"Within the first fifteen (15) days of each quarter, institutions of the financial system shall make available to their shareholders, customers and the public, through its website or brochures, a publication containing at least the following information, in comparison with those recorded by the system as a whole: Financial indicators according to the CAMEL method (capital, asset quality, administrative management, profitability and liquidity). (Superintendency of Banks and Insurance, 2013, p. 875).”

Therefore, the purpose of this study is to identify the effects produced in bank financial management after the fall in the oil price reflected in a Financial SWOT obtained by means of the CAMEL methodology. In order to determine the level of dependence of the Ecuadorian economy on oil prices, to know if with the efforts of the last years of the Ecuadorian government, such as the change of the Productive Matrix, have contributed to this dependence decrease. The SWOT method is applied because it allows deepening this analysis, “is a tool that makes it possible to know and evaluate the actual operating conditions of an organization, based on the analysis of these four main variables, in order to propose actions and strategies for its benefit" (Rojas, 2009, p. 55).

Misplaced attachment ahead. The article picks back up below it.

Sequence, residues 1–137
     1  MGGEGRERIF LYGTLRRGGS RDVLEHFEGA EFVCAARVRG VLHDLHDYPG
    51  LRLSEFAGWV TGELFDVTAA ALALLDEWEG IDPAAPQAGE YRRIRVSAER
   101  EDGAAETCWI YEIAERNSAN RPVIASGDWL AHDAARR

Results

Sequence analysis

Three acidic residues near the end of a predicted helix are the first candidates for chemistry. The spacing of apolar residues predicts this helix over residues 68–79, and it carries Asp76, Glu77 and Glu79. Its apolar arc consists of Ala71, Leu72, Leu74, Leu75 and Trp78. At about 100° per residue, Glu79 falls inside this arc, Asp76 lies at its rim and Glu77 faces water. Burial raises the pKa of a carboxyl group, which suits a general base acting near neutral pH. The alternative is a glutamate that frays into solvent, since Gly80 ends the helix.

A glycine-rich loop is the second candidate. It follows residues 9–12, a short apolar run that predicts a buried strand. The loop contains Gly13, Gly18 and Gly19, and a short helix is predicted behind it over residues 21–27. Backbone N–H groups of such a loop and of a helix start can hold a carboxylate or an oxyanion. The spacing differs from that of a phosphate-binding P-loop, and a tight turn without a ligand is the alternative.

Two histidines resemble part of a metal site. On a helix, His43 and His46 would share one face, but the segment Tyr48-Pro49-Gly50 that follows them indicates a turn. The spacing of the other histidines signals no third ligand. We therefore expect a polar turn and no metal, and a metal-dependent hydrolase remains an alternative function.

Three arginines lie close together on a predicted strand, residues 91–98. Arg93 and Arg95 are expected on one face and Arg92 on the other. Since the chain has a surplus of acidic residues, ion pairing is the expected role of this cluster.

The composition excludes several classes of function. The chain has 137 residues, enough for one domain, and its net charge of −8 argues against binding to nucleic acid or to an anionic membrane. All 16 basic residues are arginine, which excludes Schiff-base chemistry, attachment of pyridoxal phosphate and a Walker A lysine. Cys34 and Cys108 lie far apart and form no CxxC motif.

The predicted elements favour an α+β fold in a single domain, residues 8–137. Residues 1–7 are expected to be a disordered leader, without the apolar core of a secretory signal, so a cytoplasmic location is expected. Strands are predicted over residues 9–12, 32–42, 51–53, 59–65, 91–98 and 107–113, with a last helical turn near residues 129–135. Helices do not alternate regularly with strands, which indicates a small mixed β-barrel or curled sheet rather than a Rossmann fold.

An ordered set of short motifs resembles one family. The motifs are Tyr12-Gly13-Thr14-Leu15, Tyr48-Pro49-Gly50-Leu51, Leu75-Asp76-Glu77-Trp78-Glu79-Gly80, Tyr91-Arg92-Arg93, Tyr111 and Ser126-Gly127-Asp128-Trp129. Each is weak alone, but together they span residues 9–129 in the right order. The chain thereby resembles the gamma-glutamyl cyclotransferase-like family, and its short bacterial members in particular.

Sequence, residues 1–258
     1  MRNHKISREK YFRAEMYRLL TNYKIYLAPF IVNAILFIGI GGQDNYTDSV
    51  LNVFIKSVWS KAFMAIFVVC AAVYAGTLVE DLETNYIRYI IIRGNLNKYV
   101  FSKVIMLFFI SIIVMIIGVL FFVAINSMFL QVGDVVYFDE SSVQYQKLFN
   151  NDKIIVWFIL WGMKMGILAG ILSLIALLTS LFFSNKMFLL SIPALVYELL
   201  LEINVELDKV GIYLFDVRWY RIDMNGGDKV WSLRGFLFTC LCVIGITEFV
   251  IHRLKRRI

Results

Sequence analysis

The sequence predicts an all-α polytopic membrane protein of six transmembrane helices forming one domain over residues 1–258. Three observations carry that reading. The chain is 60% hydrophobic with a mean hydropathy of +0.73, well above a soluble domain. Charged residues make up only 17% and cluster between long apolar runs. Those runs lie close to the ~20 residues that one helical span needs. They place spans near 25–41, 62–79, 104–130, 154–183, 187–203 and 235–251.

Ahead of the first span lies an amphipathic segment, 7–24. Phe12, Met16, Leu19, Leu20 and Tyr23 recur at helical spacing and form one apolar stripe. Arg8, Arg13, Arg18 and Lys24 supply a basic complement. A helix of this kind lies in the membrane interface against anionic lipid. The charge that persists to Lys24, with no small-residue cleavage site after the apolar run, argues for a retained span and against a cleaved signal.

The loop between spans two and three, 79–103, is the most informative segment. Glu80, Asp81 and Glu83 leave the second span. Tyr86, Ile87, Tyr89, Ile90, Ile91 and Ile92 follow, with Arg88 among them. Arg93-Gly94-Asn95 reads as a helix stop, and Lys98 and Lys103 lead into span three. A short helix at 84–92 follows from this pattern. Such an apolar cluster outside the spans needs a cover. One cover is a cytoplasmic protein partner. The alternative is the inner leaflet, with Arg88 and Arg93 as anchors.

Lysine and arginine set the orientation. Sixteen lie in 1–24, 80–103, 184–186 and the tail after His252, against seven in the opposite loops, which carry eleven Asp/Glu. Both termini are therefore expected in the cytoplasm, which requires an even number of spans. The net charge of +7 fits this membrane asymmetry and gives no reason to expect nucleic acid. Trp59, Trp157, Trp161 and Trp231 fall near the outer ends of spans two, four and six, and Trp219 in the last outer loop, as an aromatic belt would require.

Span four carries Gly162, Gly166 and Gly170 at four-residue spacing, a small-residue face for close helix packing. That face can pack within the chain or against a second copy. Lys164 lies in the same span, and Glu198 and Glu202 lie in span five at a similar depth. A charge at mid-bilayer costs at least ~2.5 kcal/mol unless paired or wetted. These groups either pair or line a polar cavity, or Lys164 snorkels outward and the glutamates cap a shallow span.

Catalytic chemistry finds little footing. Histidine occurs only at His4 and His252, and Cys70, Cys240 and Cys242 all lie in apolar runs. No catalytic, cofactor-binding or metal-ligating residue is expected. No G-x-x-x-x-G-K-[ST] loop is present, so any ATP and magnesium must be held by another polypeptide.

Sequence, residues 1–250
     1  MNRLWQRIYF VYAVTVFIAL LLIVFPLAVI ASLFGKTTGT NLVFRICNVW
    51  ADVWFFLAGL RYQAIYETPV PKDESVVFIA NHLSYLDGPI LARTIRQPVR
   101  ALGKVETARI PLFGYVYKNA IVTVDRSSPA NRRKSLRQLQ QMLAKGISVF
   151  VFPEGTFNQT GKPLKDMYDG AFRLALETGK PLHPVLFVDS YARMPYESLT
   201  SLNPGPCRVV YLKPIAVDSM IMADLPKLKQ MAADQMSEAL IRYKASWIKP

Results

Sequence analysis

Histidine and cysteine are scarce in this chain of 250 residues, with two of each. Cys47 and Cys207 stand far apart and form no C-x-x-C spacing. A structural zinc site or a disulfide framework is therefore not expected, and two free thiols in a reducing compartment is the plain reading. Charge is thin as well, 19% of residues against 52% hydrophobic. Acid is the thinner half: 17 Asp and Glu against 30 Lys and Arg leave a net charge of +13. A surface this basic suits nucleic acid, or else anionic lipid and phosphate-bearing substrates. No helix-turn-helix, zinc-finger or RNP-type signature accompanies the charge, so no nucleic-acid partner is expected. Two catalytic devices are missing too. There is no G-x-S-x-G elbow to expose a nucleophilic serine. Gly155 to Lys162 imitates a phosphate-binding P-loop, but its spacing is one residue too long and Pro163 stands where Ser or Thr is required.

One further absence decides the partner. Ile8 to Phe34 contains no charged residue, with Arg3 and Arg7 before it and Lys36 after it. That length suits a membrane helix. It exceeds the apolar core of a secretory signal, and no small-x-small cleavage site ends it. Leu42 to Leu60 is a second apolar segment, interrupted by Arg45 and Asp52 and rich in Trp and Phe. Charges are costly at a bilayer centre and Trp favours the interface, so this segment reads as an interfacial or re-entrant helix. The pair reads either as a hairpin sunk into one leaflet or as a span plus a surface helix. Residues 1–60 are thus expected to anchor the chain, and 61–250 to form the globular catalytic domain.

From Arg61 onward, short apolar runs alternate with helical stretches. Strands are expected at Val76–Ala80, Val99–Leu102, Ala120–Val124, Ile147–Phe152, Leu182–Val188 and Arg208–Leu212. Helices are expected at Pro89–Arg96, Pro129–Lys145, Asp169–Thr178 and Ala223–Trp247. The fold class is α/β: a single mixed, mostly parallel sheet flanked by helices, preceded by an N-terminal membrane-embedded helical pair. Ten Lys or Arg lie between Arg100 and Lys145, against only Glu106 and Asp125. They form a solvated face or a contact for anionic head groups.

Theoretical Framework

For Gadea (2012), the price of a barrel of crude oil is a reference variable in the economic conjuncture. Therefore, great scientific efforts have been devoted to explaining the link between the evolution of the oil market and economic activity. Because of its economic and strategic utility, oil has always been considered a resource of high value for all countries that have it as a source of income, according to Solís (2013). For Aguirre (2003), oil is exposed to oscillating external shocks or changes, whose adjustment is difficult and costly in both, economic and social terms.